Train Blog
OpsLog - SP Coast Line - 2/7/2011 PDF Print E-mail
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Monday, 07 February 2011 23:44

In my last two blogs I went over the ass-aches I went through to drag this railroad into operations. Let's add one more - the cat got INTO the layout, crawling around inside the framework and walking along the hidden mainlines. I had to drag her out from under it - this stunt earned her a big squirt off the spray bottle. She's still sulking.

So there I was, bringing a new automated dispatching program online, unsure if I had track damage under the layout, wondering what was going to happen.

And what happened was wonders.

Lucky cuts in behind the sugarbeets.The trains ticked out of Watsonville right on time. Salinas purred through its reefer shifts. Me, I was over at King City, sitting behind the hot boiler of "Lucky" (Mikado 3304), working helper detail. Shoved freight 920 up the hill just as dawn broke. As we got to Serrano, I whistled a desperate call to stop up to the head units - we should have been in the siding but had blown past our meet with the Coast Mail who would be thundering down on us in 20 minutes. We got the train stopped on the main (wrong place). Ran a brakeman forward to flag the Mail into the siding. (this was like deja vu for me because I was helper on the same train last time and we skipped the meet and damn near took the Coast Mail in the face at the yard board). Anyway, pushed the freight into SLO, watered up, then dropped back down, pocketing into Serrano to catch the Noon Daylight hghstepping past behind a pretty GS4. Hoo hah.

The rest of the day was pretty easy. Pushed a second freight up, and also shoved a load of beets over the Santa Lucita Range.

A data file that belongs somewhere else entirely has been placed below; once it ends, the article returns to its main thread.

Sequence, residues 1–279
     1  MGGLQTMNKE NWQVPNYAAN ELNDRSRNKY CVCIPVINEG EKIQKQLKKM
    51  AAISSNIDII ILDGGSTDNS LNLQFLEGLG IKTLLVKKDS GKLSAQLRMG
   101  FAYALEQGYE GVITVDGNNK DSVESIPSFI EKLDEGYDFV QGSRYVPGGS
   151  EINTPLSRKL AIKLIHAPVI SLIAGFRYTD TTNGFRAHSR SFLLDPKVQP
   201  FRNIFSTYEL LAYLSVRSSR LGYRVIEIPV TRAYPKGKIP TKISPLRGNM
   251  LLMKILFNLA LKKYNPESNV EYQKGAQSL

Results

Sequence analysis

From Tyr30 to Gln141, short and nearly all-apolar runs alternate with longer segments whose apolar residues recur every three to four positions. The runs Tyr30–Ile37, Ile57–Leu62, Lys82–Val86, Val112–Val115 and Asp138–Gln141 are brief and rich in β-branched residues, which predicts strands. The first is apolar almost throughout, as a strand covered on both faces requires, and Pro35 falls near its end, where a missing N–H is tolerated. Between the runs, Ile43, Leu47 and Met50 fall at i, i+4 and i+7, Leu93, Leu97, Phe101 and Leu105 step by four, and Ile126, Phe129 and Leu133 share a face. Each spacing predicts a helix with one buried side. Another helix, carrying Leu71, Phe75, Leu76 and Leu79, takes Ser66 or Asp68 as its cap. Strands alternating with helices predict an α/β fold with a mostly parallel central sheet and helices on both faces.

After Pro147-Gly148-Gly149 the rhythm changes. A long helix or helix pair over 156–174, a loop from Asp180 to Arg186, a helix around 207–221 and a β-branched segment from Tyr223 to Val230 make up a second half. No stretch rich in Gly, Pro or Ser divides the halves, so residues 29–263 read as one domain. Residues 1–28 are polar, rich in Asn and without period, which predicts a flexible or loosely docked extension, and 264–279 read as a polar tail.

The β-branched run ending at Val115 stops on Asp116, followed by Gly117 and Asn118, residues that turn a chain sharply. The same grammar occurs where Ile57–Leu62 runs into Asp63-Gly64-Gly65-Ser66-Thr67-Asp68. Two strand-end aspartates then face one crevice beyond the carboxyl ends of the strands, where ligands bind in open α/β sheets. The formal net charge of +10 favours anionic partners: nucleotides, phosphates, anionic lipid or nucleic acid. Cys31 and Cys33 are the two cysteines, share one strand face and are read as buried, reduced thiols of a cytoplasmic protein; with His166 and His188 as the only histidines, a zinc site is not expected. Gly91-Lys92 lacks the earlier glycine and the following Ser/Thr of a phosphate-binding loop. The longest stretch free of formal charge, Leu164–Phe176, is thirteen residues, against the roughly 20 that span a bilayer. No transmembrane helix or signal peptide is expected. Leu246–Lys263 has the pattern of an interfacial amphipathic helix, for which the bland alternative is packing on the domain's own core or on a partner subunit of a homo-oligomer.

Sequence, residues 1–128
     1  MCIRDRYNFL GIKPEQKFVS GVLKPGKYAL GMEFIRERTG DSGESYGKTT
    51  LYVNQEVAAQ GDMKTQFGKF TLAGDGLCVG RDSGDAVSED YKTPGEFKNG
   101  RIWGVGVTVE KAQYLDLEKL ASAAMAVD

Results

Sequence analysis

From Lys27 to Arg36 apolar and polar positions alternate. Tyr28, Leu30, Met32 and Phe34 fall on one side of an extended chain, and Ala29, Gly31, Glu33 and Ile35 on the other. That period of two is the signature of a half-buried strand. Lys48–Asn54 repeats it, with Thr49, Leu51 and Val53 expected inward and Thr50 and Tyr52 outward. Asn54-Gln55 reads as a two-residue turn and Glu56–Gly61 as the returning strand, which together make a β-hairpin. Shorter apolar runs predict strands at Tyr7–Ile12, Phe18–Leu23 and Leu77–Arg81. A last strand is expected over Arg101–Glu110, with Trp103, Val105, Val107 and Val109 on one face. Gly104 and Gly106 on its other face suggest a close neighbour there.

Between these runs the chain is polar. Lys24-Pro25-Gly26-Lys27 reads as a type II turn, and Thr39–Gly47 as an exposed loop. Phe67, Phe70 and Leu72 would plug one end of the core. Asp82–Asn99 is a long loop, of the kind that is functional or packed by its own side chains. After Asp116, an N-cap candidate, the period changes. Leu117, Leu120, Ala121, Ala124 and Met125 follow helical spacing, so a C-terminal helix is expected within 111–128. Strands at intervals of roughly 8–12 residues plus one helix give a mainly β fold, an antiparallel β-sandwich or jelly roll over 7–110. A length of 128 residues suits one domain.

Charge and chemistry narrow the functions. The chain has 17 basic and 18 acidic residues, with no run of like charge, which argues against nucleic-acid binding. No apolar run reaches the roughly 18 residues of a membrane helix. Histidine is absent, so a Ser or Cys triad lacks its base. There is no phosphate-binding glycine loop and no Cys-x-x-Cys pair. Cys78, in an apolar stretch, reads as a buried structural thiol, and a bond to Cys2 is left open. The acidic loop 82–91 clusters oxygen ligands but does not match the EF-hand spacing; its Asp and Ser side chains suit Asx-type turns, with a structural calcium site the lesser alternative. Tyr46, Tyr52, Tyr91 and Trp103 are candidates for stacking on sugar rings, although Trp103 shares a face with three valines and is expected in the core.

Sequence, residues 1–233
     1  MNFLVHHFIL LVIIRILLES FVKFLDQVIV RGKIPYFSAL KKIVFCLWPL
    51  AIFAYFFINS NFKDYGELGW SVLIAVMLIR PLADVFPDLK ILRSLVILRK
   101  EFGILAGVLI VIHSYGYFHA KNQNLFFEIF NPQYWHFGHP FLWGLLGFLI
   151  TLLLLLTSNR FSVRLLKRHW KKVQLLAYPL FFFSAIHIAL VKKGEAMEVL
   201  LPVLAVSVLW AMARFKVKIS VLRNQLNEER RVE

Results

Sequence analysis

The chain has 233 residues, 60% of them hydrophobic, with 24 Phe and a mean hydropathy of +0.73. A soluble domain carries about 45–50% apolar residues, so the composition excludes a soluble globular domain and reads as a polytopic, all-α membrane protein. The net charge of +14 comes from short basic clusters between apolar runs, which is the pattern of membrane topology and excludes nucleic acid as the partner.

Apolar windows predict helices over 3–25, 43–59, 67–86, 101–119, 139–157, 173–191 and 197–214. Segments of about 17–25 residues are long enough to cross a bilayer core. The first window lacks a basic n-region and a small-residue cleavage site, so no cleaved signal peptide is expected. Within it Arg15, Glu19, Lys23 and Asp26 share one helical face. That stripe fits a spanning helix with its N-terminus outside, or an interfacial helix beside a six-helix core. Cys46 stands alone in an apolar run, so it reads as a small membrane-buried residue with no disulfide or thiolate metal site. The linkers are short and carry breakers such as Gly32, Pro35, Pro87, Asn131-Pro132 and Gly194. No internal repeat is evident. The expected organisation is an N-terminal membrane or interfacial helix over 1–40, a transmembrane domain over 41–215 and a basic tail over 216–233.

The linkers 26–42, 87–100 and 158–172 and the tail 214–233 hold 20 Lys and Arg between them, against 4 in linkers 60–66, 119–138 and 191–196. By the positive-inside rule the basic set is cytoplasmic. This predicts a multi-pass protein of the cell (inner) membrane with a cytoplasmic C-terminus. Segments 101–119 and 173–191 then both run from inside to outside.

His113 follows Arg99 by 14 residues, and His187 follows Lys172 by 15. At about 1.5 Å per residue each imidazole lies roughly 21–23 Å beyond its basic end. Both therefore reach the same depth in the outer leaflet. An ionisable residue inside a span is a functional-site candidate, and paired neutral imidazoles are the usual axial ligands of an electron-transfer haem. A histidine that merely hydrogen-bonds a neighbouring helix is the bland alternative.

The railroad wasn't running flawlessly - the dispatcher program tossed up some bugs, a turnout died and had to be manually shifted, and those couplers gave me fits. Worse, that engine with the bad wheels? His back unit started going offline on the last run.

But the crews ran like demons. Even with the difficulties, every car was getting snagged off every siding. The trains were checking the SLO platform on the damn dot. The SLO yard crews were working the yard exactly as designed, getting the stuff out with plenty of time. Great fun to watch Merchandiser West swap its trailers out in SLO and run down the hill, the Lark riding its silver caboose.

And... it was fun. Really a lot of fun.

Worth the pain.


No, it was.

Thanks, guys!

Last Updated on Tuesday, 08 February 2011 00:19
Logical mind meets Illogical line PDF Print E-mail
Written by Administrator   
Monday, 07 February 2011 16:29

Continuing the earlier posting...

Got home early, everything in control. Moved things into place for ops, a very methodical process (in a little house, you have to do a number of things to make it ready for 8-12 operators). Anyway, was performing the final step, adding CRC to spots on the line and then running a set of F3s up and down the track to spread it out. The engines were running smooth and I was actually goosing them right along. On the first uphill, at high speeds, they piled up at the lower Serrano turnout. Odd. Well, I was going TGV fast.

Then the second run up (more sedate) and this time I saw them go off the rails, right behind the sugar refinery. This is one of the problem spots on my railroad, a place where a climbing turn enters a swayback, and of course, there's the joint. The GS4 has to be rerailed every time through there. But this time, my Fs (four axle railstickers if there ever were such a thing) were going off. I figured the the first pileup was caused by the wheels going off the rails and the train sliding along until crashing at the turnout.

I ran them back and forth, reversing them around, but the same truck set always went off at the same spot. I checked the gauge - fine - and the truck seating - fine. I looked at everything. Then I decided, F-it, its only one spot. So I ran them up the hill and derailed (the same truck) coming off the Stenner Creek trestle.